Angel Island was lush, green and beautiful. A typical vacation spot, obscured by forests which resembled the Amazon Jungle. The Golden Gate Bridge overlooked the tiny speck of paradise. However, it had a complicated history. Along with being a modern fairytale island, Angel Island was the immigration point for Asian immigrants. An “Ellis Island of the West.” But unlike Ellis Island, which allowed millions of immigrants to America, Angel Island was designed to keep the immigrants out. They were held there in inhumane quarters; families were separated and racism was rampant. As a relief, Chinese immigrants carved poems on the wall, a picture of their never ending suffering. Many were not cleared to go to America and thousands were sent back to their homelands in shame. It was a history filled with misery.
I stumbled on this little piece of pain doing a research topic for school. Eventually, I thought it’d be a good idea to visit the island and gather even more research. Learning of the poems of agony, I knew that seeing the poems etched on the walls would allow me to understand and empathize.
We flew to San Francisco and took a boat to this minuscule hidden island (it had a 1 mile area). Most of the tourists on the boat were heading to Alcatraz Island; it was much more famous and had an appealing history. However, as we got nearer to Angel Island, we could see how much more intimidating it was compared to Alcatraz.
The island had a cafeteria, a detention center and the barracks. Snaking through all of the buildings were hidden footpaths with mint green vines. We visited the cafeteria first, noting that it was musty, dark and wooden. The detention center was also not a cheery place; there, the immigrants had been questioned extensively for their eligibility to come into the United States. Officers were racist and greedy. But the barracks were the most impactful for me. I saw the words of pain, loneliness and depression stitched on the wall. The broken people carving their simple words of advice for the next group of hopeless immigrants. One of the most defined poems was beautiful. Written in Chinese, I needed my dad’s help in translating. It read simply,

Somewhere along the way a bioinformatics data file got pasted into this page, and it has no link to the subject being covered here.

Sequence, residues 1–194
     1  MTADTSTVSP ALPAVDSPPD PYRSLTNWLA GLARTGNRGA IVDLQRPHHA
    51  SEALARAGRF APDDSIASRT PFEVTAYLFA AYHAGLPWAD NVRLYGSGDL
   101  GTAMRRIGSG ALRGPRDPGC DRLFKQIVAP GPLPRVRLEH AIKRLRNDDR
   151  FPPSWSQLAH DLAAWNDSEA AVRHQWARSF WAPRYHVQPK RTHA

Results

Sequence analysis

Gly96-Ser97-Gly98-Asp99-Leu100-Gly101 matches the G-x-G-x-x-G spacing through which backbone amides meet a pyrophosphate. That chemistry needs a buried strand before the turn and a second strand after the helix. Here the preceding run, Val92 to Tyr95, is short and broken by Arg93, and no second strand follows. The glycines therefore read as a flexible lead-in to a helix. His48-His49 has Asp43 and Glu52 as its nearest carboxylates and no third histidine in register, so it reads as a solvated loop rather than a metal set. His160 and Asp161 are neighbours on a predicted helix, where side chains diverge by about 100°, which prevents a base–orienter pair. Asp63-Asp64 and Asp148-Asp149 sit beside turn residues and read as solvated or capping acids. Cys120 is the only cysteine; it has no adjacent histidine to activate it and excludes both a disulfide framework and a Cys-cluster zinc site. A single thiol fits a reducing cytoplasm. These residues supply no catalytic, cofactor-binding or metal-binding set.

Crossing the faraway ocean to arrive in America,
Leaving behind my hometown, family and friends–
Who would have expected to be stranded in a wooden building,
Not knowing when I can hold my head up with pride?
It was descriptive of what many immigrants felt; hopeless, their pride wretched out of their flesh, their bones stripped bare of any human dignity. Staring at the simple carvings written by stone, I was amazed at the treatment that America gave its immigrants.
The immigration officials had tried to cover the poems, but to no avail, since the immigrants would only rise again and solidify their lasting legacy. They were beautiful, some just a couple of hasty yet haunted words, some a classic stanza of Chinese literature. Coupled with the pictures of the immigrants that I learned in my research, a vivid image of the people and their indignity here has stuck to me.
Since then, I have traveled to many places where immigrants were once held. I have been to Ellis Island and to the Statue of Liberty, a symbol of freedom for the immigrants. Though those places have hit me hard, Angel Island has filled me with empathy for those Chinese immigrants. Through their simple words, they have created a bridge of understanding for me to reflect on and attempt to understand their pain.
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